Police are investigating multiple allegations of child abuse against Australia's most senior Catholic cleric, Cardinal George Pell, including that he touched the genitals of children while swimming in a public pool in Ballarat in the late 1970s.
The allegations have now been referred by Victoria Police to the Office of Public Prosecutions for advice, the ABC reports.
The ABC's 7.30 program has revealed that Taskforce Sano has been examining allegations from complainants in Ballarat, Torquay and Melbourne for more than a year, and is looking into incidents that allegedly happened during Cardinal Pell's time as Archbishop of Melbourne in the 1990s.
The program has obtained eight police statements from complainants, witnesses and family members who are helping the taskforce with its investigation. The allegations were repeated on 7.30 on Wednesday night, and include:
- that Cardinal Pell would touch the genitals of children while swimming in a public pool in Ballarat in the late '70s
- that he was naked in the change rooms on a regular basis in front of children
- that he exposed himself to three young children in another change room, at the Torquay Surf Club in 1986 or 1987.
Cardinal Pell vehemently denied the allegations, with his office saying he "emphatically and unequivocally rejects any allegations of sexual abuse against him".
According to the ABC, complaints include those by two men, now in their 40s, from Ballarat.
A reporter spoke to several people in Ballarat and Torquay, who told 7.30 they feared Cardinal Pell may never come back to Australia and face their claims against him, after he failed travel to Ballarat and give evidence at Royal Commission hearings in February.
"I was shattered, absolutely shattered," one complainant said, about hearing Cardinal Pell could not travel to Australia due to a heart condition.
"He should be ashamed of what happened to us - it's not our fault."
"I'm disgusted, I'm angry. I just want him to come back and look me in the eye," a second complainant said.
They hoped sharing their story would help others come forward.
In a statement to the ABC, Cardinal Pell's office said he "emphatically and unequivocally rejects any allegations of sexual abuse against him".
In a statement dated July 22, Cardinal Pell's office said: "The claims that he has sexually abused anyone, in any place, at any time in his life are totally untrue and completely wrong.
"He denies the allegations absolutely, and says that they, and any allegations of them by the ABC are nothing more than a scandalous smear campaign which appears to be championed by the ABC," the statement said.
"If there was any credibility in any of these claims, they would have been pursued by the Royal Commission by now."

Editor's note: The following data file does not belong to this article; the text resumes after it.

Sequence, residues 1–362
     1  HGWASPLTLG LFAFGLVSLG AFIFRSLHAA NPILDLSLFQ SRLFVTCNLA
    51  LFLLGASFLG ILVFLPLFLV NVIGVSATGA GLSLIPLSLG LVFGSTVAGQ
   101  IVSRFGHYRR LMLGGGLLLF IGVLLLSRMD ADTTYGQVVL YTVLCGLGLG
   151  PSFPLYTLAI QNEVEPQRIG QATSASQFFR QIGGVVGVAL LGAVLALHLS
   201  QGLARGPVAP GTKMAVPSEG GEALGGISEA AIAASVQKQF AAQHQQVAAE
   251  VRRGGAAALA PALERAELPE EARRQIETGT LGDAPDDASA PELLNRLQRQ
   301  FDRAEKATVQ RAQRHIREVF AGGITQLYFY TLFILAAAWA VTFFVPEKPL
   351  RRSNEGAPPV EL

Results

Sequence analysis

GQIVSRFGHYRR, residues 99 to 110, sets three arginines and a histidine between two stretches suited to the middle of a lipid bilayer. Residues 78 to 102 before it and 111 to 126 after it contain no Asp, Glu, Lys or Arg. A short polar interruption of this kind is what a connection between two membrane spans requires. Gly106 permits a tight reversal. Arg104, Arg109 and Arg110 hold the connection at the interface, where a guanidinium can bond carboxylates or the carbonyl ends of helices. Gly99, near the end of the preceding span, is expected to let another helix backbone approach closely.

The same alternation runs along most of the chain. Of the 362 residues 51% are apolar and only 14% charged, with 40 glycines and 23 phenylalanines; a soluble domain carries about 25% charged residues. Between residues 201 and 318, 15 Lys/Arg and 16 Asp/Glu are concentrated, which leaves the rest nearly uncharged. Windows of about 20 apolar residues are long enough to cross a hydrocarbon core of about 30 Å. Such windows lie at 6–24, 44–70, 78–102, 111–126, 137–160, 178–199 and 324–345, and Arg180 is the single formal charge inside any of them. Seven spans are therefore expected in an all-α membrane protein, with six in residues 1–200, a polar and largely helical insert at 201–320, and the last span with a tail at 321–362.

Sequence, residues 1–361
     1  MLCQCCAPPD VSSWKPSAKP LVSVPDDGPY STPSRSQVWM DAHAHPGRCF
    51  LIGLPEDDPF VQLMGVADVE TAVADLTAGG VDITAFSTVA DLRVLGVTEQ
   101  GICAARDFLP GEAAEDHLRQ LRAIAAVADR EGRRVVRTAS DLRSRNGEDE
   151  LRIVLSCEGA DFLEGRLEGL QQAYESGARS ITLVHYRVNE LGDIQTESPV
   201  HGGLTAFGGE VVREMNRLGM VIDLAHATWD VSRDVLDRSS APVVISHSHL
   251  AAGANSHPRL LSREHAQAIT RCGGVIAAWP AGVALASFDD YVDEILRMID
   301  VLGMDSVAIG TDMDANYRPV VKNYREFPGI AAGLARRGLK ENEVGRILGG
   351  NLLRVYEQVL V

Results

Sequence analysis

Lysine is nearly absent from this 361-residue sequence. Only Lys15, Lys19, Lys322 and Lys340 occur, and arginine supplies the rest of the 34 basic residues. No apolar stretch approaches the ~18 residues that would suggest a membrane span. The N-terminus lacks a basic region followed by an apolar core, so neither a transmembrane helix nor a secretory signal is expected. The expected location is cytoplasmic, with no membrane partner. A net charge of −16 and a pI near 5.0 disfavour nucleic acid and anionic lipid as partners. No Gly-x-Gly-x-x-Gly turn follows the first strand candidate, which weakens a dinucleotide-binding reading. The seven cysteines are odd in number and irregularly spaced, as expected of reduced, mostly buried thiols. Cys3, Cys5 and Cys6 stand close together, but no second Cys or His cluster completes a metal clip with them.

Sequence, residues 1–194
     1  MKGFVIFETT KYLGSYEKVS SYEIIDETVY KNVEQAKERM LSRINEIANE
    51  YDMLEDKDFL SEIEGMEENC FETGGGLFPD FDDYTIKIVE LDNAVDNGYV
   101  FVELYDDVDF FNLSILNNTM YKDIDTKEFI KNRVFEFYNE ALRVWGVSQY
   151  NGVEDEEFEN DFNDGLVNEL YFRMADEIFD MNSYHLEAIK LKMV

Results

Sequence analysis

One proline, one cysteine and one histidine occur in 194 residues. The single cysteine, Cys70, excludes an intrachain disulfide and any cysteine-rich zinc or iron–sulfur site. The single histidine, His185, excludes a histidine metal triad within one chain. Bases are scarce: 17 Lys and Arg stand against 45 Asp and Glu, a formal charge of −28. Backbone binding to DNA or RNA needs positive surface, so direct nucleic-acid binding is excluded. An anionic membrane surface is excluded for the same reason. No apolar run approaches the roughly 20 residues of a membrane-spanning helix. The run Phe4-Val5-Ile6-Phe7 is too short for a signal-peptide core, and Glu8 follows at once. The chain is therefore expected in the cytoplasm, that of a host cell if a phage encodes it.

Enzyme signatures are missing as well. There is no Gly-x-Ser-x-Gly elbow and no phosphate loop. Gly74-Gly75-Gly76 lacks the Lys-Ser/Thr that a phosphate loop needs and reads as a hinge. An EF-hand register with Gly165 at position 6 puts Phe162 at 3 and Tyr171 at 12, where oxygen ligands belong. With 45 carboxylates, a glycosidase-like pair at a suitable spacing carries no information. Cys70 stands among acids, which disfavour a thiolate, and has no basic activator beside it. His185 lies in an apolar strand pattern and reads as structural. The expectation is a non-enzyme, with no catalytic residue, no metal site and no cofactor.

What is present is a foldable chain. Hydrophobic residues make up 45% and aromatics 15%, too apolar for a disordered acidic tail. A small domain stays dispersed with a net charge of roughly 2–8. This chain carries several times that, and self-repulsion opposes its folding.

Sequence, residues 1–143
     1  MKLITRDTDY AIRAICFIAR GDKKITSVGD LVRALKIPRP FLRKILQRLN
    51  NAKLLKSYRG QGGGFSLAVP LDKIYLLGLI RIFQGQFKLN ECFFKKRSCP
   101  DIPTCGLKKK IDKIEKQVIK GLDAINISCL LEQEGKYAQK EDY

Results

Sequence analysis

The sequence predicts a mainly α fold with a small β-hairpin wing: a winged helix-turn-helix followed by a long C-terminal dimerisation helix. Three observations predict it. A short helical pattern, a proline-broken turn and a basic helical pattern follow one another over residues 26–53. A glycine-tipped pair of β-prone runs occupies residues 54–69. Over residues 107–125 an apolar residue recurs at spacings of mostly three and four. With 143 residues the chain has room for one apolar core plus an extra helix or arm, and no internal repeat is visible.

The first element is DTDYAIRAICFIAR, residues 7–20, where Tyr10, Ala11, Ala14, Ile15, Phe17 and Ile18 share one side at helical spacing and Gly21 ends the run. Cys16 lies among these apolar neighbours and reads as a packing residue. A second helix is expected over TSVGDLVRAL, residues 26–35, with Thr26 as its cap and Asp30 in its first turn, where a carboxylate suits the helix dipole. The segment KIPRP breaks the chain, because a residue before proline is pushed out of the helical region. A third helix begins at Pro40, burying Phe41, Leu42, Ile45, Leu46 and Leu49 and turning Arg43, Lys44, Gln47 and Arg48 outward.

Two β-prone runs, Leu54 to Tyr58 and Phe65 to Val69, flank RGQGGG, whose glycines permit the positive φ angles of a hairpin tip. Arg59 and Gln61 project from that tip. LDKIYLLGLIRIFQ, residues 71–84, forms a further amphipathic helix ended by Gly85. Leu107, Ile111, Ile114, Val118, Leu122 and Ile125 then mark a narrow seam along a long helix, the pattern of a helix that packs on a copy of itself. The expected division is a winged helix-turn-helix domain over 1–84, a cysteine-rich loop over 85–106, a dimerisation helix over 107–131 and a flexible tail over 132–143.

A Victoria Police spokeswoman said police had no comment "at this time".
Cardinal Pell began serving in the Catholic Church in Australia as an assistant priest in 1971, before he worked at a parish in Ballarat East from 1973 to 1983. He quickly rose through the ranks, becoming Auxiliary Bishop of the Archdiocese of Melbourne in 1987.
Cathy Kezelman, president of advocacy group Blue Knot Foundation, said if the allegations were found to be true, Cardinal Pell should return to Australia.
She said the allegations were "significant" given Cardinal Pell's influence over the Catholic Church's response to sexual abuse.
"Allegations that he himself may have been the perpetrator of abuse are highly concerning," Dr Kezelman said.
"The bottom line is that no one is above the law."
In a statement issued in response to the ABC report, Archbishop of Melbourne Denis Hart said Cardinal Pell deserved to go through the "usual lawful processes without being compromised or sensationalised by the media".
"I have known Cardinal Pell as a seminarian, priest, bishop and friend for more than 55 years," Archbishop Hart said.
"The allegations made on the ABC... do not reflect the man I know or the behaviour which I have observed over the years I have known him.
"All citizens are entitled to have allegations of criminal conduct investigated independently and according to law by police.
"Cardinal Pell is also, like all citizens, entitled to the presumption of innocence. All in society are at risk if these basic tenets are breached."
Peter Fox, a whistleblower and former NSW Police Detective who helped to spark the royal commission into child abuse, said he was aware of the allegations against Cardinal Pell before they were revealed on 7.30 and the question was now whether the Cardinal would return to Australia to address them.
"There's been a lot of rumours circulating for some time," Mr Fox said. "I know a lot of survivors and people down in the Ballarat community.
"I think [the allegations have] probably been a great shock to a great many people, but to a lot of others, it's probably been something they've been expecting for so long."
"The history of the Vatican sending clergy back to countries where such allegations have been raised hasn't been real good.
"It now comes down to a very moral situation, I suppose, of George Pell himself, will he come back to be interviewed and will he come back if there are charges to be preferred, to face a trial. I think we're all waiting to see.
See published article here http://www.smh.com.au/national/police-investigating-cardinal-george-pell-child-abuse-allegations-report-20160727-gqf8qn.html